Our grandparents’ footsteps in Ukraine

By Elisa and Anna Jakymin

Several years ago, when we reached out to a Ukraine-based genealogist to track down our long-lost family, we could never have imagined where the journey would take us, and we wrote about it in an earlier blog post. To think that we would have the fortune of meeting relatives in Kyiv for the first time in July 2017, only for them to invite us to their village near Lviv almost immediately upon our introduction… Too many twists of fate have transpired to deny that our late grandparents have played a part in the subsequent meetings and reunions.

On 7 July 2018, one year to the day since our first trip to Ukraine, we eagerly boarded the overnight train from Kyiv to Lviv. As fate would have it, the passengers in the adjacent cabin were not locals, but Ukrainians from Australia’s capital city, Canberra. They, too, were embarking on a trip to the homeland to unearth their family roots.

On just a few hours of sleep, but high on adrenaline, we were excited to meet Solomia (Mia) for the first time in Lviv. She is the great-granddaughter of our paternal great-grandfather and his second wife. After months of Skyping, it was surreal to have her join us on a walking tour of Lviv. We were amazed by the city’s beauty and rich history, having once been part of Poland and the Austro-Hungarian empire.

Our next reunion was with our maternal second cousin, Oksana, and her husband, Oleh – who had driven across the country last year to meet us for a day in Kyiv. This time, they would be taking us to their (and our grandmother’s) village of Stary Mizyn, a small town approximately two hours from Lviv.

Upon arrival at their house, we were excited to start meeting the family members, who we had learned about and mapped on various family trees over the past two years. We were overjoyed to meet our dad’s first cousin, Natalka, and her daughter, who both cried tears of joy upon meeting their Australian family members. They were no doubt relieved that we recognised the Ukrainian food that had been lovingly prepared and, most importantly, that we were able to communicate with them in their mother tongue of Ukrainian.

We became acquainted with Oksana and Oleh’s two teenage children and their cousins at Kosino Thermal Pools near the Hungarian border. Despite meeting for the first time, we felt an instant connection with everyone, as if we had known each other all our lives. It was a pinch-me moment to explore the Carpathian Mountains together, foraging for wild mushrooms and berries against a majestic backdrop that we had grown up learning about. The scenery was even more beautiful than we had imagined, but the company was unparalleled.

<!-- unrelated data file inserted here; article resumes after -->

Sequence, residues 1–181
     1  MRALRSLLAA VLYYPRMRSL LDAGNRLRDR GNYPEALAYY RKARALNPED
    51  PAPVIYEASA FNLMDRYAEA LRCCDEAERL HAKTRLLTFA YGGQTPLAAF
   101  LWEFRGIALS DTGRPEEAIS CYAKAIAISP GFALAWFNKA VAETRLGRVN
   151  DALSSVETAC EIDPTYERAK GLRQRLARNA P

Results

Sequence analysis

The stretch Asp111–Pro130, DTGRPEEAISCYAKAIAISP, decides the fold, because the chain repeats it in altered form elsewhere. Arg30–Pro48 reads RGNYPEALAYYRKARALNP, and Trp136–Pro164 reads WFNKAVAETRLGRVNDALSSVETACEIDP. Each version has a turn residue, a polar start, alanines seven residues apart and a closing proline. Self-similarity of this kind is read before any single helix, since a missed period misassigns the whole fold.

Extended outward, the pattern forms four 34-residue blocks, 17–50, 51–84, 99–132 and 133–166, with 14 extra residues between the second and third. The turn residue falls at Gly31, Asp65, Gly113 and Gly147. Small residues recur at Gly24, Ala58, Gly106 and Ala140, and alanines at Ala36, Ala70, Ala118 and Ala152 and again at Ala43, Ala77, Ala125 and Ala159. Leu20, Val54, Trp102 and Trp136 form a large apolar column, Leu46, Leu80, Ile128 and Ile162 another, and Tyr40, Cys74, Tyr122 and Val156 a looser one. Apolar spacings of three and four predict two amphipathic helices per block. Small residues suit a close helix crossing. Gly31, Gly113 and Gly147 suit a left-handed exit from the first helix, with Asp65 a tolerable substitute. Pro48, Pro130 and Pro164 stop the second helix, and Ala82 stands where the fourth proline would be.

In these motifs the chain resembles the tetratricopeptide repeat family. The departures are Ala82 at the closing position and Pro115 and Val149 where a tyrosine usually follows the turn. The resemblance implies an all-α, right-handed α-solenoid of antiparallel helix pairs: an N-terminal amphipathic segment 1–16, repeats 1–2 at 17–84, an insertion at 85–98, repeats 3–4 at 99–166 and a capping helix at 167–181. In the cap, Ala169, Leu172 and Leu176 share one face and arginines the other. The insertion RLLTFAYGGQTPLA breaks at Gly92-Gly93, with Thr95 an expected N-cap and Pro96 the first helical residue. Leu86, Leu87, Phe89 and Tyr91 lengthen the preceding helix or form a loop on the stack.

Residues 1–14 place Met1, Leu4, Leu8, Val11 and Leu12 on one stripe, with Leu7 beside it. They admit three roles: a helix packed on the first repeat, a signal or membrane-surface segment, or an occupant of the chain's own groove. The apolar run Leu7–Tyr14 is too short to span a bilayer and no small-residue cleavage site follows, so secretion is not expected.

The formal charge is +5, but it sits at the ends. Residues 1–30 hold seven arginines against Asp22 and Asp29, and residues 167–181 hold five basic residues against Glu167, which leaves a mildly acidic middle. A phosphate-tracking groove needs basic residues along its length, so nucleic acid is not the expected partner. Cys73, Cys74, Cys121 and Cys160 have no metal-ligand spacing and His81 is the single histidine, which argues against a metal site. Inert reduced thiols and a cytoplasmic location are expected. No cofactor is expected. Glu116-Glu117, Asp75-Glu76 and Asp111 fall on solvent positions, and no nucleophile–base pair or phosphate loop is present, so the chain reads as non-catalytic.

The surprises kept on coming when we visited our late grandmother’s sister Maria’s house, just a short walk from Natalka’s house. Despite being unoccupied since Maria’s death in 1999, the house could have been lifted straight out of a time capsule – seemingly untouched since Maria occupied it with her husband almost two decades ago, with photographs, clothing and furniture still in their place. It was surreal viewing an underground bunker that was used as a place of hiding from the Nazis. It was impossible not to contemplate what could have been, for it was our grandmother’s older sister (and Oksana’s grandmother), Maria, who should have been captured by the German soldiers on that fateful night in the lead-up to World War II.

Instead, after Maria escaped, the soldiers took our underage grandmother, Olena, changing the course of her life and my family’s history forever. It was a mind-boggling moment to stand on the spot where our grandmother had been taken by the soldiers. Despite being overrun with shrubbery, the significance of the moment and of the location was not lost on us. What made it even more special was sharing this experience with the descendants of our grandmother’s brother.